Wednesday, February 21, 2007
My Dad passed away one year ago today. I've been thinking over the past week about my life before the 5 days when he got sick, went to the hospital, and didn't come home. It's like watching a movie of a woman (nah--a girl) who had a lot to learn, who was blissfully unaware of a whole side of life that so many people experience every day, who thought she pretty much had the world by its short-and-curlies.
I rewind my life up until 370 days ago in my head and I recognize the girl in the playback, but I see her in a kind of out-of-body, detached way. I know her, I am her, but I'm watching from a distance so I can't make out all of her features; or perhaps she is a bit out of focus on the film itself, which is what lends her image the quality of an apparition. She gets more in focus as Day 370 turns into Day 367 and then, inexorably, into Day 365, but she's still not picture perfect. She still has a lot to learn, a lot more mental and physical clarity to earn, as sharp as the heartbreak makes her seem through the haze.
I look at her the way I look at all the cars speeding by on the other side of the beltway, not knowing that just three miles ahead of them there is the tail end of a 50-mile backup. There they go, poor suckers, blithely motoring forward, thoughts of getting home, having dinner, seeing kids and wives and husbands, what they will do for the weekend. All the pedestrian concerns that cumulatively make our lives anything but. There they go, poor schmucks, no clue what awaits them around the bend. Wish I could tell them how things are not going to go the way they always do, that dinners will be missed, children will not be kissed goodnight, that life will not go as planned tonight. But there are no means of communication between my side and theirs. Today's events will have to play out the way they must, and those people in those cars in those lives will have to figure out how to navigate their own roads.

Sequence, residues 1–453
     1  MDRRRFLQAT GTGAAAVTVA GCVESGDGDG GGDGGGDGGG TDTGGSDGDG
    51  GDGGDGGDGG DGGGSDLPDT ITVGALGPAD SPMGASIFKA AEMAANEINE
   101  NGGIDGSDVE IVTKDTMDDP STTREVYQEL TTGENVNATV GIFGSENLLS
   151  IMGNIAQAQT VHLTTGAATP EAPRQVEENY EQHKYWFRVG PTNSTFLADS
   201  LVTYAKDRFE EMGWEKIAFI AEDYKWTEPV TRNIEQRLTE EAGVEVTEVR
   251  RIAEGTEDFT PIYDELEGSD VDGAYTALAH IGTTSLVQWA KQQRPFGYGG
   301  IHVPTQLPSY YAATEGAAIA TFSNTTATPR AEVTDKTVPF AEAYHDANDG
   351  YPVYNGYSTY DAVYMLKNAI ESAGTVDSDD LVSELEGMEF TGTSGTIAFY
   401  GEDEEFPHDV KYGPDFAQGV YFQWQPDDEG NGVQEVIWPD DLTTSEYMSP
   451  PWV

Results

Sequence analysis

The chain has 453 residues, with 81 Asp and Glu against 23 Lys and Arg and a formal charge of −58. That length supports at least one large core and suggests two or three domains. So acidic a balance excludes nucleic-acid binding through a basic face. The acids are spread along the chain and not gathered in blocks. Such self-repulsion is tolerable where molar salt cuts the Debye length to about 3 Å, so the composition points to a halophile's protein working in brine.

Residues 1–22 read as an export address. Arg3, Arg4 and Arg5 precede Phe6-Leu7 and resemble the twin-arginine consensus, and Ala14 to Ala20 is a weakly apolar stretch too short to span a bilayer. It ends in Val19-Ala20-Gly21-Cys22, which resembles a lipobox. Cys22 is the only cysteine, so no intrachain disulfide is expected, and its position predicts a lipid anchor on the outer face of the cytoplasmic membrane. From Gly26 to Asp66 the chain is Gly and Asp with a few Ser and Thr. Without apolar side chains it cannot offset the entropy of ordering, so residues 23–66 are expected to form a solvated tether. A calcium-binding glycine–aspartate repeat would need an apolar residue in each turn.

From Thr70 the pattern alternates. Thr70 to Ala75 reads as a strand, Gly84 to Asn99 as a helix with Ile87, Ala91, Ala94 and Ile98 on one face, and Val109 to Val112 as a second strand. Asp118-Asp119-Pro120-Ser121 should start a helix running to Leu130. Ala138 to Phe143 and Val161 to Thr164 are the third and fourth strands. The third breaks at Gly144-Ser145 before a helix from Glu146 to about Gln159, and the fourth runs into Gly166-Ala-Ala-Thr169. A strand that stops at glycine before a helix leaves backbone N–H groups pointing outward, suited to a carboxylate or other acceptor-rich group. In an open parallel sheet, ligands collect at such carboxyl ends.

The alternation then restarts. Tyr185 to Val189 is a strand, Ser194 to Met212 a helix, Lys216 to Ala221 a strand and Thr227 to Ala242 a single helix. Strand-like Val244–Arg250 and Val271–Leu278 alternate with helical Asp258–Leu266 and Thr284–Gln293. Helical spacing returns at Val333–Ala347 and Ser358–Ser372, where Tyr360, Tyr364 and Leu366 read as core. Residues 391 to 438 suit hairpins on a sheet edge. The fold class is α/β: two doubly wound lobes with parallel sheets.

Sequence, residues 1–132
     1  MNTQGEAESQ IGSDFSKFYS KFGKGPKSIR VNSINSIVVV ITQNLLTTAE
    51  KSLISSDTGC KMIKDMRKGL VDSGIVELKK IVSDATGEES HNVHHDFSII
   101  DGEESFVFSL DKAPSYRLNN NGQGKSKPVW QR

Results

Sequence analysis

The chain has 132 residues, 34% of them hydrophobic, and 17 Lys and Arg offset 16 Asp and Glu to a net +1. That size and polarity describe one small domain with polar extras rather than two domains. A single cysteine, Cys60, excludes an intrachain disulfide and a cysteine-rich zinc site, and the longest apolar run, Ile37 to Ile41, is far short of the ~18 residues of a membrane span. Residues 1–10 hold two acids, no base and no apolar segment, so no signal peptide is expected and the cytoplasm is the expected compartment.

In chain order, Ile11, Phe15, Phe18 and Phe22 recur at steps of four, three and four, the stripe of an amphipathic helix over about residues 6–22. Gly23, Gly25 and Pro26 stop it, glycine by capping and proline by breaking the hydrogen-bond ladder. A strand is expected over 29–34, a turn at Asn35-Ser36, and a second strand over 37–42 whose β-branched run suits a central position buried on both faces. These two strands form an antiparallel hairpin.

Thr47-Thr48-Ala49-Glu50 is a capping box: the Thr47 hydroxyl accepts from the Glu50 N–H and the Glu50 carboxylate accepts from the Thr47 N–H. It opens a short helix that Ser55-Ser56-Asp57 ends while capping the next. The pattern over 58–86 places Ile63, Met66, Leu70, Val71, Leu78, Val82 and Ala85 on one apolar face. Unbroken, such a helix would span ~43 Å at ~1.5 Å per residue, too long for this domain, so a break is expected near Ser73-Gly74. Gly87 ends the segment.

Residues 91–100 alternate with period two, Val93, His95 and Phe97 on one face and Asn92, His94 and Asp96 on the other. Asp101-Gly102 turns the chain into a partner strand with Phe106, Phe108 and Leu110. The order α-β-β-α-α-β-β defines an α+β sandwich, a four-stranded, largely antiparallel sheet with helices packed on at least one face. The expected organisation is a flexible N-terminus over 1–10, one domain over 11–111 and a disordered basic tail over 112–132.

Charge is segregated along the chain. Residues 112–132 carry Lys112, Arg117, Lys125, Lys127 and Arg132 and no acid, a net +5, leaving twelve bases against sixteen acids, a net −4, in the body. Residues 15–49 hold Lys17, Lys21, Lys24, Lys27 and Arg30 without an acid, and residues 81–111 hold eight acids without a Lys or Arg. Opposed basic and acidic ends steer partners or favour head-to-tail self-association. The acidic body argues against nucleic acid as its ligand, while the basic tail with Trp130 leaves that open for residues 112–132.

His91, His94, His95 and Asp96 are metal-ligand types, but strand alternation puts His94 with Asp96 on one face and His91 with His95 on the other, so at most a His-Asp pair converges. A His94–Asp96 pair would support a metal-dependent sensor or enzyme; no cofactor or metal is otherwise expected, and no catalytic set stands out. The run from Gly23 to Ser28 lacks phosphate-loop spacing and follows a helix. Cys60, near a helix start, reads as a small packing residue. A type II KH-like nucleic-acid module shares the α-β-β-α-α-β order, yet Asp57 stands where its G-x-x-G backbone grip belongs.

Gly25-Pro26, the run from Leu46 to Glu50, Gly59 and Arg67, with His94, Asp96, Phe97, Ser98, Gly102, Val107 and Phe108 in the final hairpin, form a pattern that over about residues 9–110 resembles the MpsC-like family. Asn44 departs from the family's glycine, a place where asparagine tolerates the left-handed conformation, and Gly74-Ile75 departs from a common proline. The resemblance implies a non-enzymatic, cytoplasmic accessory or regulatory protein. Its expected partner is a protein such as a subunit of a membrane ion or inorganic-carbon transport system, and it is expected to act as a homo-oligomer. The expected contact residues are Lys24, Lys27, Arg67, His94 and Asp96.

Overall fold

On my own road, 365 days later, I can finally see myself in my mind's eye, from that day forward, slowly-slowly lifting out of the haze of disbelief, denial and desolation. Slowly-slowly finding reasons to go on living in spirit as well as in flesh. Slowly-slowly giving myself permission to laugh, to feel joy, to let the convulsions of unsupportable grief subside into a dull ache, and then finally into a small hole in your heart that never heals but that allows you--or perhaps compels you--to begin feeling other people's joy and pain again.
If I could go back 365 days and change the world, I surely would. I'd be richer by virtue of having my kooky, nutty, wonderful, devoted father (and Bambina's grandfather) on the earth. I miss him in ways large and small, picayune and profound. But I'd also be poorer for missing the past year's long, slow journey toward clarity and focus of purpose. I know who I am, finally. I know that I can live through anything, finally. I know that letting down my guard to accept support from people who love me is not an admission of weakness, finally. I know that I have the power and the ability--and the responsibility--to be for the Bambina what my father was for me, finally. And I now know that all of the things my father hoped for me and all his kids--success, wisdom, faith, perseverance and conspicuous courage--I have the strength to achieve, finally.
I miss him every day, and remember him with this:
There are stars
Whose radiance is visible on earth
Though they have long been in existence.
There are people
Whose brilliance continues to light the world
Though they are no longer among the living.
These lights are particularly bright
When the night is dark.
They light the way
For us all.